In a recent interview for Sports Illustrated Kids, L. A. Dodgers great Yasiel Puig discussed his passion for baseball and his goals (and training) as a child. Puig started learning the game of baseball very early in life, and he worked at it virtually every day. He noted that, more than anything else, “a daily, consistent effort” was key to his success.

Here is an outline for following Puig’s advice and accomplishing an important goal:

  • Follow your passion, set a goal that “fits” into something that you want to do and make a genuine commitment to achieving it.
  • Develop a plan. Depending on your goal, you may need a coach or instructor to help you develop your plan. Make daily, weekly, and monthly benchmarks, put them in writing and place them on your calendar or where you can review them every day.                         
  • Start now. And again, keep at it daily – just like Puig.
  • Keep track of your progress by marking off your benchmarks. Nothing will keep you more motivated than actually seeing your progress. 
  • Never give up. Remember, the important thing is to achieve the goal – not how fast the goal is achieved. Giving up only ensures one thing – failure.
  • Work as long as it takes to reach your dream. Whatever it is, if it is truly your passion and something that you really enjoy, this will be a “work of pleasure” whatever time it takes.                                

The strategy outlined will help you achieve any goal. Let’s face it, there are goals we must set that we are not passionate about. For example, in order to do well in school, you must set goals relating to your reading, doing your homework and preparing for tests. The goal-achieving plan outlined above can be applied to the “not so much fun” goals of doing well in calculus, world history and other academic endeavors.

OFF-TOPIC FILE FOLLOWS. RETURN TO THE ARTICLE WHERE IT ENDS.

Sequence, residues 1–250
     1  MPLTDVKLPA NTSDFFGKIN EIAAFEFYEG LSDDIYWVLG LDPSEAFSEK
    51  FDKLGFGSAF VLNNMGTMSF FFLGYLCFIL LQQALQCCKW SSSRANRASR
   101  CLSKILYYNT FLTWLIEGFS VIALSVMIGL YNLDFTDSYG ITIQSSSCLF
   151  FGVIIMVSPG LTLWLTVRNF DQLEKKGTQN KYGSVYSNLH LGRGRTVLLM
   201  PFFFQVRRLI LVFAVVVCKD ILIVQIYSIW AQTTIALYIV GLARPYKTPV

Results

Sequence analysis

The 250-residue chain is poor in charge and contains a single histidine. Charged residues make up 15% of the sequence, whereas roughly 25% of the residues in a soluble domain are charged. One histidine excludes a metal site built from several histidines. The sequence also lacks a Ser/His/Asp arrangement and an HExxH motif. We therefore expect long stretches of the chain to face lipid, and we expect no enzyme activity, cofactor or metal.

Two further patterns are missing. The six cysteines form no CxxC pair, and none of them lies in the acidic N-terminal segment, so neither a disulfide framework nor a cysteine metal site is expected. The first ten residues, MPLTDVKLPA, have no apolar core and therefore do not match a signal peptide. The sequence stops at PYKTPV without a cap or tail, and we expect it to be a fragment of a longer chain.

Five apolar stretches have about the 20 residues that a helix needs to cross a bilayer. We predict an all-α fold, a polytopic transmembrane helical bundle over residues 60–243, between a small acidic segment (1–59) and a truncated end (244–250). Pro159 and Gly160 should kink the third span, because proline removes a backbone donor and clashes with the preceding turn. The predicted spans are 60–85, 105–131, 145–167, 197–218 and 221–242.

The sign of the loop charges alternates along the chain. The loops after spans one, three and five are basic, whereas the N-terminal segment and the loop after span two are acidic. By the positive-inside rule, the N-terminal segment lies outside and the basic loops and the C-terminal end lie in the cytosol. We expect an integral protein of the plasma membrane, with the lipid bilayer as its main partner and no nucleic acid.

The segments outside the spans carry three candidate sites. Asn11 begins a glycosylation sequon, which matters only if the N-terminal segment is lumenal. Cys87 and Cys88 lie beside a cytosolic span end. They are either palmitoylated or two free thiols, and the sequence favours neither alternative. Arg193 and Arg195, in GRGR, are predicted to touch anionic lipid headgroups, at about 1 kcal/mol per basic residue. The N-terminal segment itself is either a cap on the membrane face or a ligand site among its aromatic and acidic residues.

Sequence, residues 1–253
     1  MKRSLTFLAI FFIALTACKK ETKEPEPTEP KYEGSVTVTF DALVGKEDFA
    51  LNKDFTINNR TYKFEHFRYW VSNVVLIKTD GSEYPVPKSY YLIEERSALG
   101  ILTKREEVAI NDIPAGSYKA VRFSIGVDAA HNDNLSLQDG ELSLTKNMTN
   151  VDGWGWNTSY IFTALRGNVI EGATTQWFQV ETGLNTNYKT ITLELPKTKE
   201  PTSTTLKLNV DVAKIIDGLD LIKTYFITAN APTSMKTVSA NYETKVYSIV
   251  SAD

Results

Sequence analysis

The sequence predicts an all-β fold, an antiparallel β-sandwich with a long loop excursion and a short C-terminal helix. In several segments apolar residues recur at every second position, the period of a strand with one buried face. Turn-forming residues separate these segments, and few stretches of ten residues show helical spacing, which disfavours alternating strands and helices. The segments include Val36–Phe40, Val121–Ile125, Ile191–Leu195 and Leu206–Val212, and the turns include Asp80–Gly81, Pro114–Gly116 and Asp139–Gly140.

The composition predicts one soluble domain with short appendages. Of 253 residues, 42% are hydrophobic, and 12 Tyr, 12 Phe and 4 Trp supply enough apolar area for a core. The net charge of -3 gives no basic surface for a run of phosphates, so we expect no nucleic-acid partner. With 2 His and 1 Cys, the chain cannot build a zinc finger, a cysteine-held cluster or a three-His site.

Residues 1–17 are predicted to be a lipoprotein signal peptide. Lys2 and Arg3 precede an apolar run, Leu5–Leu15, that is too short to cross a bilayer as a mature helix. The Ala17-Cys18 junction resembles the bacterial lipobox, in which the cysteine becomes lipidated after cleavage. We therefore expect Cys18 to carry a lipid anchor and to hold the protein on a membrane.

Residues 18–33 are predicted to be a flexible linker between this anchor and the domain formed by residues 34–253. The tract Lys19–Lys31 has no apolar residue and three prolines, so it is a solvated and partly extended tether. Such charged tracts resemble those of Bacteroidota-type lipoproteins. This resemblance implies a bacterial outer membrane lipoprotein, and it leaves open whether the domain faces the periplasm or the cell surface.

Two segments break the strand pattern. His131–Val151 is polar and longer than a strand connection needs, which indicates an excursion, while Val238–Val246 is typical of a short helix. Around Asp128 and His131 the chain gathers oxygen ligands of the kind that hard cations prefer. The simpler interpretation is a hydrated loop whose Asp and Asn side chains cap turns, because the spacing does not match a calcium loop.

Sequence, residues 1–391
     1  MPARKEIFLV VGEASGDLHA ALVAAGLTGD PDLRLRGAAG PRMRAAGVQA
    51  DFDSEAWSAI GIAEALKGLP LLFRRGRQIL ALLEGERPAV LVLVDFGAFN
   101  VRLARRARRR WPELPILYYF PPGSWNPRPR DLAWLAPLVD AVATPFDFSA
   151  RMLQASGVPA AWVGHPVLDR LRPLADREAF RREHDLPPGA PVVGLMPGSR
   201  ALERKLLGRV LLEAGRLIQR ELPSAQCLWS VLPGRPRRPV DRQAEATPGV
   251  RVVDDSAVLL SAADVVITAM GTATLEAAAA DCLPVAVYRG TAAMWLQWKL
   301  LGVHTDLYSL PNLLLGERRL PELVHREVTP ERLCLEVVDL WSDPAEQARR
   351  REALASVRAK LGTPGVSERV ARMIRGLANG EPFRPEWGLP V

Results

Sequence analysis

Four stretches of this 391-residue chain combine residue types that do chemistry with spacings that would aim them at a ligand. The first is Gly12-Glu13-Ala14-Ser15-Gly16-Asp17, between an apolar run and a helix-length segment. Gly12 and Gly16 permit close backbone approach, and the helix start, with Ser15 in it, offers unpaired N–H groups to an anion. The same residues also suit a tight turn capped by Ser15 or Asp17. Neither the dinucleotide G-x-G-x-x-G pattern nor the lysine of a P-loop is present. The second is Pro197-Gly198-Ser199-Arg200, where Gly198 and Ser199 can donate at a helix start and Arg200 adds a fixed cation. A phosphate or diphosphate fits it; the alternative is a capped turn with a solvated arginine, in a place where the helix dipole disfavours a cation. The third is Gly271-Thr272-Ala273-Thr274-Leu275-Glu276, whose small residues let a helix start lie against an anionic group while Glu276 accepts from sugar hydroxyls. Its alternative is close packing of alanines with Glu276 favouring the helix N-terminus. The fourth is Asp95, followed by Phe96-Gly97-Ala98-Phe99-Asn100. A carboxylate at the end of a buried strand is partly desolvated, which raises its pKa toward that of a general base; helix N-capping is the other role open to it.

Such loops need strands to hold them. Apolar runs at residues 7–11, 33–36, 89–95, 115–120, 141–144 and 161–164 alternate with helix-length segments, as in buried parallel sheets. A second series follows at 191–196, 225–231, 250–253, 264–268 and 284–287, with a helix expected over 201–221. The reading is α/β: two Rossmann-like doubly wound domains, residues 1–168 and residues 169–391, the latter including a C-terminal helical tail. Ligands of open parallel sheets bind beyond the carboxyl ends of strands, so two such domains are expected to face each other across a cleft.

“Supposing you have tried and failed again and again. 
You may have a fresh start any moment you choose, 
for this thing we call “failure” is not the falling down, 
but the staying down.” 
-Mary Pickford

Take a minute and think of someone you consider to be very successful. Now, if you had the chance to (and, if you do, feel free to do so) ask him or her if they ever “fell down” or “missed the mark” or “outright failed” on their way to success. What do you think their answer would be? It will always be “yes.”

Falling down is an integral part of becoming successful, and teaches us valuable lessons. These lessons include learning not to give up, the feeling and value of overcoming adversity, and ultimately, the priceless feeling of success that comes from true effort.

The sense of accomplishment from earning success cannot be matched. It is the greatest feeling in the world when you look back at all the hardships you had to overcome, all the effort you had to put forth, and all the defeats you endured to reach your goal.

And once you have a taste of your definition of success, you will become better and better at it. Learning to follow your passion is one of the most valuable lessons one can ever attain. It is also one of life’s most important lessons – for succeeding provides meaning and joy to life. And, simply put, that is what life is all about.

Written by Shawn Jackson

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“There is no passion to be found in playing small, in settling for a life that is less than the one you are capable of living.” Nelson Mandela